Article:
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Richard Johnson
Position: Ubiquitous
From: Youth team
He is: Our brightest hope


Watford's best kept secret is nearly out. Richard Johnson is about to become a star.

Do Premiership clubs not bother with scouting anymore? Or are they only interested in the expensive fannydangle of the latest continental import? Do Australia have so many midfielders that they can afford to do without someone who can run football matches single-handed?

Apparently so. And we should be thankful. For, while everyone else has been distracted by flash-in-the-pans and fly-by-nights, Richard Johnson has been allowed to mature in peace. The result is a midfielder of quite astounding potence, a Premiership player waiting for his cue.

It goes back to the final games of the 96/97 season, the dismal stagnation of thirteenth in Division Two. Somewhere along the line the young Aussie, much-derided until that point, took it upon himself to step decisively into the post-Hessenthaler void. While the rest of Kenny Jackett's team withered away, Johnson was suddenly a gigantic, beacon-like presence, a sign of hope for the future. Things have never been the same.

Contributions to two successive promotions? Oh, just a few.

His midfield caretaking. Constant chasing and hassling and tracking back, punctuated by the occasional bulldozer foul and assisted by Micah Hyde, his partner-in-crime. It's hard, unglamourous work...but it's exactly the kind of hard, unglamourous work that's put us in the Premiership. Watch the second leg against Birmingham and let your jaw drop at the commitment shown, particularly in plunging headfirst into the deadly tangle of McCarthy's feet in an attempt to halt one second half attack. Watch the Wembley final in awe of his performance - the wide open spaces of that famous pitch just seemed to let him stretch his legs a little more, herding the Bolton midfield around like dumb animals.

His passing. Christ, his passing. He's reined it in a little lately, no longer quite as ambitious but still the true play-maker of the side. So much of what we do begins from Johnson's right boot, shut him down and we're half the side. Always available and always aware, he takes passing back to its original purpose - he gives someone else the ball. No longer are Watford wingers left to look sad and lonely on the touchlines. Even prime Ramage couldn't touch him for play-spreading ability, clearing the ball out of the midfield clutter and delivering it to where it can do some damage. Whenever we venture forward for an assault on the opposition goal, you'll find Johnson fetching and carrying just behind, dishing out the ammunition.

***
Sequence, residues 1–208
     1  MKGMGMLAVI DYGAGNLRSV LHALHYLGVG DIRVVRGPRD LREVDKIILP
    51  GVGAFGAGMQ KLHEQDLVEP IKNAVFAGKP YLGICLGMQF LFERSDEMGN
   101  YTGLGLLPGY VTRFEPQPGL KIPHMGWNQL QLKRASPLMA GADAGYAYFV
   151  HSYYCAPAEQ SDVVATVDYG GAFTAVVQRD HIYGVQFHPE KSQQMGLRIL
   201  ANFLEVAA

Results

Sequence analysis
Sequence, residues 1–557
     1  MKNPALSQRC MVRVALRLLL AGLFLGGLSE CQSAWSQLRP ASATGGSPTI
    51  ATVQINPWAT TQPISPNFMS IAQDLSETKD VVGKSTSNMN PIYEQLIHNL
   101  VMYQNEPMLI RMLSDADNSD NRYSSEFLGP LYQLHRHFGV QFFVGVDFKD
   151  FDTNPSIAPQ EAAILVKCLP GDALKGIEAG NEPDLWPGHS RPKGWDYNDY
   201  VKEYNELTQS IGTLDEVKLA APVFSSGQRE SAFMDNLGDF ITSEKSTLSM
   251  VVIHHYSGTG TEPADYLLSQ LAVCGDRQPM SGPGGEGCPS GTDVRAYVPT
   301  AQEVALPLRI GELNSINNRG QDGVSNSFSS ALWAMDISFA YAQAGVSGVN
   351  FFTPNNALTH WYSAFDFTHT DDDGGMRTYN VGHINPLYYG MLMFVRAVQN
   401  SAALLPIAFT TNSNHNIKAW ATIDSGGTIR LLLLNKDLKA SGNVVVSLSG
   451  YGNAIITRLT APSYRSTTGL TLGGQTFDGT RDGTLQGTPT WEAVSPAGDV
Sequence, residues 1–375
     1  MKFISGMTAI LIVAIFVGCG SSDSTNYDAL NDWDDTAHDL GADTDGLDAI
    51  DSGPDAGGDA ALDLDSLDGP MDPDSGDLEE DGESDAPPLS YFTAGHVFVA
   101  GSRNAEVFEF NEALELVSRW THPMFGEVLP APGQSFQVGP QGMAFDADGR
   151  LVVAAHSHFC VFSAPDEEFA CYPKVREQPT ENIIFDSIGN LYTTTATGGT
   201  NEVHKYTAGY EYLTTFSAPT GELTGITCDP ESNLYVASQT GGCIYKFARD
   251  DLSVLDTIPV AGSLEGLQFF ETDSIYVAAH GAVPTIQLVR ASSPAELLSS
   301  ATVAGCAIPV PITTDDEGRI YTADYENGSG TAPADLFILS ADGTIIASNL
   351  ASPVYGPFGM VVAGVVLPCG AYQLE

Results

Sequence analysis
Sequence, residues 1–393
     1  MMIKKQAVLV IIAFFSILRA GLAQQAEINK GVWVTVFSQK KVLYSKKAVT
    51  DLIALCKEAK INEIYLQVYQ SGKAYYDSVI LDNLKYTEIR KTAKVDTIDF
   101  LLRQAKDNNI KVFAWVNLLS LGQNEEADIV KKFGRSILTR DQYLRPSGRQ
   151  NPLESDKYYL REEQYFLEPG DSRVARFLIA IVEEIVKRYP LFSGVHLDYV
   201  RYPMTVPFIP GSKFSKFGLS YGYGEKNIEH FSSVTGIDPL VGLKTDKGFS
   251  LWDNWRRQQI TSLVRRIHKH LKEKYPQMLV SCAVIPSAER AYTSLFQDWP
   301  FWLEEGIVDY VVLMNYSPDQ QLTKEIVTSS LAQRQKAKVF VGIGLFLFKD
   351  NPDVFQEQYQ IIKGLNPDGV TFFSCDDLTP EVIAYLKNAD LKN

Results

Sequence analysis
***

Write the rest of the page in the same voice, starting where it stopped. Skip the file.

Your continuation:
His goals. Bloody hell, his goals. A brief Johnno Top Three, just to refresh the memory:

3. v. Wolves 1994
Having had a magnificent victory over GT's Wolves snatched from our grasp by a last-ditch equaliser, a dispirited Watford stumbled forward in search of a miracle. The ball reached Richard Johnson, he let rip. I remember thinking, in the second or so as his thirty yard drive screamed goalwards (and I can still picture it), that Stowell had it covered. I was wrong, Stowell had absolutely no chance.

2. v. Carlisle 1997
Or "the goal from beyond the horizon", as I call it. To score from forty yards is one thing, to score from forty yards by passing the ball into the net is quite another. No run-up, minimal back-lift, no clue that he was doing anything other than clipping a hanging cross into the area - by the time the keeper had cottoned on to what was happening, it was too late.

1. v. Bristol City 1998
An unstoppable bomb of a goal. On the volley as the ball dropped outside the box, the "whump" of detonation audible even on video, and a drive so powerful that it took Welch with it into the net. The goal of the season without doubt, probably the goal of the decade too.

As a midfielder, he's got everything. The only question mark is whether he can stay focused through the turbulence of forthcoming international call-ups, transfer speculation and praise from Alan Hansen on "Match of the Day". If he avoids being swallowed by his own hype, there is nothing he can't achieve.

That's Richard Johnson, then. He's not bad, as it goes.

Ian Grant
Last updated: July 1999